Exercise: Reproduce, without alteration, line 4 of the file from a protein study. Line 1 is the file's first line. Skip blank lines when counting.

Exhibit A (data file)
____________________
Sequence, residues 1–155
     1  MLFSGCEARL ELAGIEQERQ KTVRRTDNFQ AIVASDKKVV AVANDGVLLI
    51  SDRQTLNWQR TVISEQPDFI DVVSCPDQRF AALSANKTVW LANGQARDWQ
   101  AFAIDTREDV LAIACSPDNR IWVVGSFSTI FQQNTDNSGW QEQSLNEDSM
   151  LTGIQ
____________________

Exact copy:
   101  AFAIDTREDV LAIACSPDNR IWVVGSFSTI FQQNTDNSGW QEQSLNEDSM